- Probably nothing in media comes closer to a simpler and more singular narrative than the headlines on the front pages of newspapers. These offered the broadest, boldest snapshot of the voter's verdict the day before. And they overwhelmingly drove home one unadulterated message, that of a Republican triumph, even as Democrats held the Senate. "GOP Tidal Wave," declared the St. Paul (Minnesota) Pioneer Press. "GOP Gallops" echoed the Austin American-Statesman.
- On network and cable television, a key factor in that Republican showing -- the role of the tea parties -- was a major topic, receiving 364 mentions across the six networks during the course of their election night programming. That ranked behind only attention to Barack Obama (473 mentions). That coverage also quickly pivoted from reporting the results to speculating on everything from the future of the Obama health care law to the political fortunes of such key Republican players such as Sarah Palin and John Boehner.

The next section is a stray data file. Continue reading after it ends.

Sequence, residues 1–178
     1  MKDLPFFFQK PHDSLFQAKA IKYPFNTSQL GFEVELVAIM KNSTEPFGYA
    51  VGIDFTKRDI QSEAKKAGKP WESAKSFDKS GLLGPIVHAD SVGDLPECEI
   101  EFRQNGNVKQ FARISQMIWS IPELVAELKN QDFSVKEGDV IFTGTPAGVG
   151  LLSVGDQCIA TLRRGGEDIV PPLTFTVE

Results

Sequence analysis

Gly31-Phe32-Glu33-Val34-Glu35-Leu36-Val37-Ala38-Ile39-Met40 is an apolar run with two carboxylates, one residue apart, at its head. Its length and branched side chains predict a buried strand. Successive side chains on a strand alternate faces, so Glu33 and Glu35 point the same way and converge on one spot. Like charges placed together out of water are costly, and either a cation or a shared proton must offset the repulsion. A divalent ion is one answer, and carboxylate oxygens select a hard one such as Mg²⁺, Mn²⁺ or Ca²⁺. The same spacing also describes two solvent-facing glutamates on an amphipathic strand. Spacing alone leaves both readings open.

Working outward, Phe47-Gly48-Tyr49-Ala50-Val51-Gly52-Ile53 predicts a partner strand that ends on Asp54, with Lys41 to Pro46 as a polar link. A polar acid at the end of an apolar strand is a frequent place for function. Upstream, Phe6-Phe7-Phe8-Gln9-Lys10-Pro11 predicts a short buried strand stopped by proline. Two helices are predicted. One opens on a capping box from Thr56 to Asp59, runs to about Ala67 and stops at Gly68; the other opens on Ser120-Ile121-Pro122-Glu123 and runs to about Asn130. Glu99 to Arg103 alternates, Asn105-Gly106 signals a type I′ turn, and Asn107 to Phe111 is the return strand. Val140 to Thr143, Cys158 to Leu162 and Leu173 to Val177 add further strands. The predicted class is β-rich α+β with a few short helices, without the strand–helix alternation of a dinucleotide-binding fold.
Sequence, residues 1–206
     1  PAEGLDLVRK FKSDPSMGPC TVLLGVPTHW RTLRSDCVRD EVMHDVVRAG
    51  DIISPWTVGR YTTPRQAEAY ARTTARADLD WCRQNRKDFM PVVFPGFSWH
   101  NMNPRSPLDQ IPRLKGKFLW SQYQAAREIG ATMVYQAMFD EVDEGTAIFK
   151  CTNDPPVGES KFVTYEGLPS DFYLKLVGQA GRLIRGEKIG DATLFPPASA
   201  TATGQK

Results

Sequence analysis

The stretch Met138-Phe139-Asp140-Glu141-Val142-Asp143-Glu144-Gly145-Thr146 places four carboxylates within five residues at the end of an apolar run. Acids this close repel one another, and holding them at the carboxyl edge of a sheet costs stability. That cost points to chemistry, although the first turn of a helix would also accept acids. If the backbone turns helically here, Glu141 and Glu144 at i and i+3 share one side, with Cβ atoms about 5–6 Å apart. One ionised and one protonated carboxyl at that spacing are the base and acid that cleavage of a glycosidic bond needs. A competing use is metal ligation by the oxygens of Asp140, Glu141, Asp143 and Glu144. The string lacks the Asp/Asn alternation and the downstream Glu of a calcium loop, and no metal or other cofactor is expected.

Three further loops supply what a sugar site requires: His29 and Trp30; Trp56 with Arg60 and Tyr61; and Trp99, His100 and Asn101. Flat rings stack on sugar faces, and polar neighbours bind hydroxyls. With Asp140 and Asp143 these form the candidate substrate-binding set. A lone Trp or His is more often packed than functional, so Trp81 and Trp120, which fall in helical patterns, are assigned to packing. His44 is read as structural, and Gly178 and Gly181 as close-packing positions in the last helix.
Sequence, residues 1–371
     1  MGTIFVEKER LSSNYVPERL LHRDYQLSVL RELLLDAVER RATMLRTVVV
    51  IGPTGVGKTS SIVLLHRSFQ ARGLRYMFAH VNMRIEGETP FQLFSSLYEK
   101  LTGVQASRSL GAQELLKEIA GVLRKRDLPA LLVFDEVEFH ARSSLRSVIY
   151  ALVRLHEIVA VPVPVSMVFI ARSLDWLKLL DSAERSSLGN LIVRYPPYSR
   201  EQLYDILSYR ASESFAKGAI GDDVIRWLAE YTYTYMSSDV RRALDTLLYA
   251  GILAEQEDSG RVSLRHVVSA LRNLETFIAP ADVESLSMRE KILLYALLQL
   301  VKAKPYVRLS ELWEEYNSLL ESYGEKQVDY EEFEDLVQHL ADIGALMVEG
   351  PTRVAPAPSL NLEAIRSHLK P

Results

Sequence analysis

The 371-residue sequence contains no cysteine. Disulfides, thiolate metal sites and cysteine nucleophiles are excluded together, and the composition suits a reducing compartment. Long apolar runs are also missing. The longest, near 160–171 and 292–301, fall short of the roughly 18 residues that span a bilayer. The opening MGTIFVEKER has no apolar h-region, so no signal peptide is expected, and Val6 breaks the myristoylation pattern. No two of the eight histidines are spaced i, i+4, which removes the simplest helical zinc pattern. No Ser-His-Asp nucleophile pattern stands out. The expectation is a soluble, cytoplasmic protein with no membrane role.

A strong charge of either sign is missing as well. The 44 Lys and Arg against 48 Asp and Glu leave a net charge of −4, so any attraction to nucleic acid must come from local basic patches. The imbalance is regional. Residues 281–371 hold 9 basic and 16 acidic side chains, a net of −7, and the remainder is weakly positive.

- Bloggers offered a more mixed election verdict than much of the rest of the media. While the themes of GOP and tea party victories accounted for about 42% of the conversation, the competing idea of a mixed result or a setback for the tea party accounted for about one-quarter of the discussion. And the second-biggest election theme among bloggers (at 18%) was allegations of, and concerns about, possible voter fraud.
- Twitter users demonstrated their platform's function as an organizing and galvanizing tool. About two-thirds (64%) of the Twitter conversation monitored by PEJ focused on calls to action, on encouraging people to vote. And most of that (41%) came in the form of non-partisan appeals. One other theme to emerge on Twitter was that people were tired of what they perceived as a nasty and negative campaign season (9%).
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Tuesday, November 16, 2010
The Midterm and the Media
The Project for Excellence in Journalism reports that different media covered the midterm in different ways: